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Lead terrorist in Pakistan taunts U.S. for $10M reward
Pakistani officials balk at bounty for evidence
Question of the Day
A day after Washington placed a $10 million bounty on his head, a terrorist leader in Pakistan taunted the United States at a news conference Wednesday, as Pakistani officials asked for "concrete evidence" against a man who says he runs a charity.
"I am here. I am visible. America should give that reward money to me," said Hafiz Mohammad Saeed, a 61-year-old engineering professor who founded the militant group Lashkar-e-Taiba.
"America can contact me whenever it wants to. Life and death is in the hands of God, not in the hands of America," he told reporters in the garrison city Rawalpindi, home to Pakistan's army headquarters, the Associated Press reported.
In Washington, State Department spokesman Mark Toner said the reward was misunderstood. The bounty was not for Mr. Saeed's capture but for evidence that would prove him guilty of terrorism.
"We all know where he is. You know, every journalist in Pakistan and in the region knows how to find him, but we're looking for information that can be usable to convict him in a court of law," he told reporters.
Mr. Toner insisted that the United States is only trying to help Pakistan bring him to justice.
"It's not to put pressure on any one government," he said. "But we wanted to be able to provide Pakistan with the tools that they need to prosecute this individual."
Mr. Saeed created Lashkar-e-Taiba as a Pakistani proxy to wage a terrorist war against India, which blames his group for the 2008 Mumbai attacks that killed 166 people, including six Americans. It also has ties to the Taliban and al Qaeda.
The State Department designated Lashkar-e-Taiba, sometimes called LeT, as a foreign terrorist organization in 2001.
"There's no question LeT conducted the Mumbai attacks," said a U.S. official who spoke on the condition of anonymity, citing the sensitive nature of the issue.
"Saeed's the boss, no matter how much he tries to distance himself from the people who do the dirty work."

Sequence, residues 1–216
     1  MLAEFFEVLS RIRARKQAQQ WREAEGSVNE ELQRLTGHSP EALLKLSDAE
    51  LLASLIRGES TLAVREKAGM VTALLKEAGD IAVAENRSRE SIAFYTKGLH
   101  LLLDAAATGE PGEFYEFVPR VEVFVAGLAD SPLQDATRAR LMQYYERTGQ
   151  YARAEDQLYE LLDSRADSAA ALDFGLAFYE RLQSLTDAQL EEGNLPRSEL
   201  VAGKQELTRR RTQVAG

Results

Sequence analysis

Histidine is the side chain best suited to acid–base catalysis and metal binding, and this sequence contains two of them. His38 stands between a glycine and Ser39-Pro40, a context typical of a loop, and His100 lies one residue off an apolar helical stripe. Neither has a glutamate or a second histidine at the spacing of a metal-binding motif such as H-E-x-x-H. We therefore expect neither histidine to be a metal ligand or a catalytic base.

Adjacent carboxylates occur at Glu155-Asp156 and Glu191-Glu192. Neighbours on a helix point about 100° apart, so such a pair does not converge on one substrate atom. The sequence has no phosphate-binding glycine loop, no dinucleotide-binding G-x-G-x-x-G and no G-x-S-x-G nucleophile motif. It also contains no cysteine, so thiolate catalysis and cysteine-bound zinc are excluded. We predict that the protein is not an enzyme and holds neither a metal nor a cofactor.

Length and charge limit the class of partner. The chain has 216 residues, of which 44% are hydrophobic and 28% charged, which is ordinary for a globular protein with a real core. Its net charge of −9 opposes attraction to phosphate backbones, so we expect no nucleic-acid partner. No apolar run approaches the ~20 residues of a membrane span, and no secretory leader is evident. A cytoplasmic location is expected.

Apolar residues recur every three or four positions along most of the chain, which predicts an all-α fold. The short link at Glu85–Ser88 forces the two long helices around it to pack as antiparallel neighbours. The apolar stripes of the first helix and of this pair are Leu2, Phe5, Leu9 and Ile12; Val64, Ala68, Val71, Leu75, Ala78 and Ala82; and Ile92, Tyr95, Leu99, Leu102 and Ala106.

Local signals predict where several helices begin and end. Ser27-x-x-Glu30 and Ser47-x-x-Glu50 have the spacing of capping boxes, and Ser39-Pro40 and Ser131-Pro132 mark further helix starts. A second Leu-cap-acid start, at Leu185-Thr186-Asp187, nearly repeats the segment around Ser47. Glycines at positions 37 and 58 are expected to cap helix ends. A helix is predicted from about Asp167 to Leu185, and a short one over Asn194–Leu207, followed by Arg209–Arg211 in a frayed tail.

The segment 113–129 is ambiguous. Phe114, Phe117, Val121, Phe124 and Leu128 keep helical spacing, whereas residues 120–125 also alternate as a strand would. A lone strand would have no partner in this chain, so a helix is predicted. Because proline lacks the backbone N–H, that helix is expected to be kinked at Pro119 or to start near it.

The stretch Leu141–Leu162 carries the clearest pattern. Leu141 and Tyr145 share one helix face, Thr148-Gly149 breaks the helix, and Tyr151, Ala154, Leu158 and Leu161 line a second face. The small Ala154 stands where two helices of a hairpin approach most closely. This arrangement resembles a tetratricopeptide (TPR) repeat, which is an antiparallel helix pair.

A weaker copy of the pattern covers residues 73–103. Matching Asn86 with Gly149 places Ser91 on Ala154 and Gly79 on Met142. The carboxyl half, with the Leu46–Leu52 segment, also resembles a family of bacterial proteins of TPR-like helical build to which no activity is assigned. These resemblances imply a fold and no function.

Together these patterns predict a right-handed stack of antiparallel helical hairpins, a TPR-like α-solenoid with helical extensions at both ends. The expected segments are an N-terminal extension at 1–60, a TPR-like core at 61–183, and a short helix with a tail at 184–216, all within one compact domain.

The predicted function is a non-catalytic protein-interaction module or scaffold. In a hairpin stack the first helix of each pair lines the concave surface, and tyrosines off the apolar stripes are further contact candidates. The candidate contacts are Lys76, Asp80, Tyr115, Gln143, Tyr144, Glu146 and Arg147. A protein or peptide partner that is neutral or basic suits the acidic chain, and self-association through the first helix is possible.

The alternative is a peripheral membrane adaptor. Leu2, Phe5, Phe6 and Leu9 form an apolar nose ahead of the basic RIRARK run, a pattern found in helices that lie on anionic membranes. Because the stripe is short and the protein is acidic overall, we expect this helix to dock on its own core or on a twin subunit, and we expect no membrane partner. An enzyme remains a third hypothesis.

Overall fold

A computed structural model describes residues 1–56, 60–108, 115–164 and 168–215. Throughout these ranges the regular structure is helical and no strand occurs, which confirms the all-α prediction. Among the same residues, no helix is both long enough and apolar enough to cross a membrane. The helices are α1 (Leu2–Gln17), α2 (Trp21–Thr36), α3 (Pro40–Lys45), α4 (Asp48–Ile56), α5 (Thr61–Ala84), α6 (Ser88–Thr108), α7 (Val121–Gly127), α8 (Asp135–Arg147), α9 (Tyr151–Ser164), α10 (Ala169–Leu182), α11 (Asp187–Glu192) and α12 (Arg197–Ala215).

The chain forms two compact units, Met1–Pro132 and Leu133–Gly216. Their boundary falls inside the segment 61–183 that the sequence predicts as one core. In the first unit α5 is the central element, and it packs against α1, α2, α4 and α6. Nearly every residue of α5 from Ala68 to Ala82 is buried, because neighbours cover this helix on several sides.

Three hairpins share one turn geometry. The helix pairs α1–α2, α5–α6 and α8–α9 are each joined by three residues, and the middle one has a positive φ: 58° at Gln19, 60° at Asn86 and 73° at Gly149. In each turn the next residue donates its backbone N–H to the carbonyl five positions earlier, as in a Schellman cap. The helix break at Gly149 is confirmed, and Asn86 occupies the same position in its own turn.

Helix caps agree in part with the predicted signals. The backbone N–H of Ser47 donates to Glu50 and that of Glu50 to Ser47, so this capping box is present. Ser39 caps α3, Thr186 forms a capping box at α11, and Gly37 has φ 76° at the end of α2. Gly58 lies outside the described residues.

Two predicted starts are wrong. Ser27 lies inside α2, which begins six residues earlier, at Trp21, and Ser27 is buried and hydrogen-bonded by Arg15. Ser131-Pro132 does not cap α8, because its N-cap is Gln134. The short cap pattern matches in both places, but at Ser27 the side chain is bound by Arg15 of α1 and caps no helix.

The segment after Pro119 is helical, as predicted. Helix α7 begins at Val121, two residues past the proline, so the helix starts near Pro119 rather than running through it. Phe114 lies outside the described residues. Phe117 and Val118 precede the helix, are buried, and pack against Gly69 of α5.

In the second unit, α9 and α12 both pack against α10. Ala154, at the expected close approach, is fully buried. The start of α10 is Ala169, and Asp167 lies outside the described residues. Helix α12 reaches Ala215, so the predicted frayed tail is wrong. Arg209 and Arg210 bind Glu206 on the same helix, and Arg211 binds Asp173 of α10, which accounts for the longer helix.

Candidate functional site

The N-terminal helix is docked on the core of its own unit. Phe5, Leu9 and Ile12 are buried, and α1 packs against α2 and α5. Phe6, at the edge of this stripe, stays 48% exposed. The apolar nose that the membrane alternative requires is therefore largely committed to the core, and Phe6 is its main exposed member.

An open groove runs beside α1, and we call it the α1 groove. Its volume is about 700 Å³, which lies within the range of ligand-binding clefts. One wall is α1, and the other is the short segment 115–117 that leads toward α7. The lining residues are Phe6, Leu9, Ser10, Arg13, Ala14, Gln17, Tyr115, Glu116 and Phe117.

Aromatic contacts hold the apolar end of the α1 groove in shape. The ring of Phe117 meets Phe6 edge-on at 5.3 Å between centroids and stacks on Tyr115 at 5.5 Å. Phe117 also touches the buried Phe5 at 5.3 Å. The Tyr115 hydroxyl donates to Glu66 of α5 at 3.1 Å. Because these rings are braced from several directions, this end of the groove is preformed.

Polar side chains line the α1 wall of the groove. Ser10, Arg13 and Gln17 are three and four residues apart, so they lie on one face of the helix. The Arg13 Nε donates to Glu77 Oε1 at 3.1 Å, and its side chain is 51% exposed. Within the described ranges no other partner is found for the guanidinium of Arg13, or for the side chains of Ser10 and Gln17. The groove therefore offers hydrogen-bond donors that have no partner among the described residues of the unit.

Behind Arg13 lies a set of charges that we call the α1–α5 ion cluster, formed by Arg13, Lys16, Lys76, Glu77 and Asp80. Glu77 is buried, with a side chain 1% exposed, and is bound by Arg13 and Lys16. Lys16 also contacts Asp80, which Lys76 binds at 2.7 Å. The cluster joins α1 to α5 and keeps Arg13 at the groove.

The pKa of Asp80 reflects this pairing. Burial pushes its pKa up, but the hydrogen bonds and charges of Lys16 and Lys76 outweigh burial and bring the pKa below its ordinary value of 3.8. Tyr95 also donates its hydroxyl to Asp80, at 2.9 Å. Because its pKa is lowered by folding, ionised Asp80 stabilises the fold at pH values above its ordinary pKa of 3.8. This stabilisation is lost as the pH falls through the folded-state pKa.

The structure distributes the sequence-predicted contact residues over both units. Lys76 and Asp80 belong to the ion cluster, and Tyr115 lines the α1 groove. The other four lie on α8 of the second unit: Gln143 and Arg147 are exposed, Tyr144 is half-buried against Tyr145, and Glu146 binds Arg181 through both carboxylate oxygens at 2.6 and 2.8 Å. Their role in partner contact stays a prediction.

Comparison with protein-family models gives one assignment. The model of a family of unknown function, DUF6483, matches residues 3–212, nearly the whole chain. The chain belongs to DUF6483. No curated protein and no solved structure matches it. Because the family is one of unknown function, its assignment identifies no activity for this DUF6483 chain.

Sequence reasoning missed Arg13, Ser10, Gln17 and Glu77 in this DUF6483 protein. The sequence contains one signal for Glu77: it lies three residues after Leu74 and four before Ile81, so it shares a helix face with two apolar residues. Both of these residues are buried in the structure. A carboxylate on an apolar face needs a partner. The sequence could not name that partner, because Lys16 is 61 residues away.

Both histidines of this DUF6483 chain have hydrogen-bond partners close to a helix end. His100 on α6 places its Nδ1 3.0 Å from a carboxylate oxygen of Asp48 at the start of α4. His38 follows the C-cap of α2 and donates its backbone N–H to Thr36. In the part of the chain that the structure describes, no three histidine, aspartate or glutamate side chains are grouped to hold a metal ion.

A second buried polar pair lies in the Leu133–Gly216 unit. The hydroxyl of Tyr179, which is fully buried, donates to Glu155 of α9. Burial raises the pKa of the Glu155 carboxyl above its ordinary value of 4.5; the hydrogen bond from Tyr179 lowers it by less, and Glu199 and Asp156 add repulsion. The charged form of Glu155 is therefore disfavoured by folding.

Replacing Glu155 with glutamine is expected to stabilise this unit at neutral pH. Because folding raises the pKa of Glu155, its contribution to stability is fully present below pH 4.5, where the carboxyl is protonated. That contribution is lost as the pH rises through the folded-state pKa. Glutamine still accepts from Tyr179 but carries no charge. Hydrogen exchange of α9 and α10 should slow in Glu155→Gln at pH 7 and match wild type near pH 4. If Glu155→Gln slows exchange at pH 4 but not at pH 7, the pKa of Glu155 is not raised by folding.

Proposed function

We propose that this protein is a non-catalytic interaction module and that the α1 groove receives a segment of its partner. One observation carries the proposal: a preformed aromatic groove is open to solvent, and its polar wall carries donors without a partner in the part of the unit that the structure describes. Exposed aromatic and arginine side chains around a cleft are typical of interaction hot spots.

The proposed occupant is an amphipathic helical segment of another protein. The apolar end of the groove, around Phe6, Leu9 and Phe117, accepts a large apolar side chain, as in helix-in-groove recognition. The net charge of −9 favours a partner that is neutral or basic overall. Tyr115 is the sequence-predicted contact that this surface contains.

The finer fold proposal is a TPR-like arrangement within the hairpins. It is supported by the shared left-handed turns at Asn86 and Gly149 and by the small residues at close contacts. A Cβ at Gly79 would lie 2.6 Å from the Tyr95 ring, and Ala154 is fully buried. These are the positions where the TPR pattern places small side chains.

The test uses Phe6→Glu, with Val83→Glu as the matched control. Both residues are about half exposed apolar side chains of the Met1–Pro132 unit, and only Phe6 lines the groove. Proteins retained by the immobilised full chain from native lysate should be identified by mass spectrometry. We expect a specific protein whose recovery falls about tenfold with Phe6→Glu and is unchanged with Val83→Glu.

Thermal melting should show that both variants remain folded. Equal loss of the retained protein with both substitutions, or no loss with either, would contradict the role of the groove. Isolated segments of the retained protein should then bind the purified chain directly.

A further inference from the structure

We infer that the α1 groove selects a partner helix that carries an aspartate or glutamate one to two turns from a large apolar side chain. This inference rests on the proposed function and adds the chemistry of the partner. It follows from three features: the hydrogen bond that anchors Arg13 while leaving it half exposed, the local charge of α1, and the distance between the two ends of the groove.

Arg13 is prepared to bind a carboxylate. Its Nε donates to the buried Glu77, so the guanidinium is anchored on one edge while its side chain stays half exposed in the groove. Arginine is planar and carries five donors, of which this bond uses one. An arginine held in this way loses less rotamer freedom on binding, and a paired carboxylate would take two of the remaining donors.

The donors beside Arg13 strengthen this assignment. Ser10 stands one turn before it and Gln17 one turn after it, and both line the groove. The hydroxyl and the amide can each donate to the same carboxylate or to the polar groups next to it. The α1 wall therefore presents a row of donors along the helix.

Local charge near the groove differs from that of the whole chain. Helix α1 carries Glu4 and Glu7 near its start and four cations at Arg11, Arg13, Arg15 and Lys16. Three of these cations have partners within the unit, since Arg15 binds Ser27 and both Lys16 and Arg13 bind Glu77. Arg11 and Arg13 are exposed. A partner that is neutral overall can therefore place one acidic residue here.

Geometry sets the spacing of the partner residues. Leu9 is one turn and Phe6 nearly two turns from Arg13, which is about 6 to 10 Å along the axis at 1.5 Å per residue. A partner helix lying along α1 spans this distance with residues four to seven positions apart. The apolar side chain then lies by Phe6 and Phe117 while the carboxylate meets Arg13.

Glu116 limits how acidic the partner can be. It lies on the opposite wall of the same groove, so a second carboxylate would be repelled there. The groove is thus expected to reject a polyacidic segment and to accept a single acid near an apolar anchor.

Mr. Saeed was arrested after the Mumbai attacks, but a Pakistani court exonerated him of terrorism charges in 2009. He denies any involvement.
Pakistan banned Lashkar-e-Taiba in 2002 at Washington's insistence. But the group re-emerged under the banner of Jamaat-ud-Dawa, a charity headed by Mr. Saeed but widely acknowledged to be a front for Lashkar-e-Taiba.
Both groups have powerful backers in Pakistan's military, in the Inter-Services Intelligence agency and among politicians. No restrictions have been placed on Mr. Saeed's movements or public appearances.
The State Department also has offered a $2 million bounty on Mr. Saeed's brother-in-law and Lashkar-e-Taiba's deputy leader, Hafiz Abdul Rahman Makki.
In Islamabad, a Pakistani official said his government would like evidence against Mr. Saeed and Mr. Makki.
"Pakistan would prefer to receive concrete evidence to proceed legally rather than to be engaging in a public discussion on this issue," said Abdul Basit, a spokesman for Pakistan's Foreign Office.
This evidence must withstand judicial scrutiny, he added.
The State Department's action has incensed Pakistan, but India has welcomed the move. The nuclear-armed South Asian neighbors have fought three wars since 1947.
"The bounty marks a clear indication of the U.S. showing that if the Pakistanis continue in their incessant demands, Washington has an Indian card to play," said Marvin Weinbaum, a former State Department analyst for Pakistan and Afghanistan who is currently at the Middle East Institute.
"It has laid down a marker that we've had about enough of simply being on the receiving end of demands and threats, where the government and public opinion are doing the military's bidding in shaping the relationship with the U.S."
The bounties on Mr. Saeed and Mr. Makki threaten to further strain tense U.S.-Pakistani ties. Pakistan's parliament is debating a reset in the relationship, which has been hit by multiple crises since January 2011.
Mr. Saeed lives in Pakistan's eastern city of Lahore. With his fiery anti-U.S. and anti-India speeches, he has emerged as a galvanizing force in the Defense of Pakistan Council, an alliance of religious and extremist groups. The group regularly organizes public rallies attended by gun-toting jihadists.
Mr. Saeed is opposed to U.S. drone strikes against terrorist suspects in Pakistan and has warned of a violent reaction around the country if the Pakistani government reopens supply routes to NATO troops in Afghanistan.
Pakistan shut these routes to protest an attack by NATO on two of its border posts that killed 24 Pakistani soldiers in November.
Meanwhile, U.S. Deputy Secretary of State Thomas R. Nides on a visit to Islamabad acknowledged the challenges bedeviling the U.S.-Pakistani relationship but said "too much is at stake for us to turn away from each other."
He met with Foreign Minister Hina Rabbani Khar on Wednesday.
© Copyright 2013 The Washington Times, LLC. Click here for reprint permission.
About the Author
Ashish Kumar Sen is a reporter covering foreign policy and international developments for The Washington Times.
Prior to joining The Times, Mr. Sen worked for publications in Asia and the Middle East. His work has appeared in a number of publications and online news sites including the British Broadcasting Corp., Asia Times Online and Outlook magazine.
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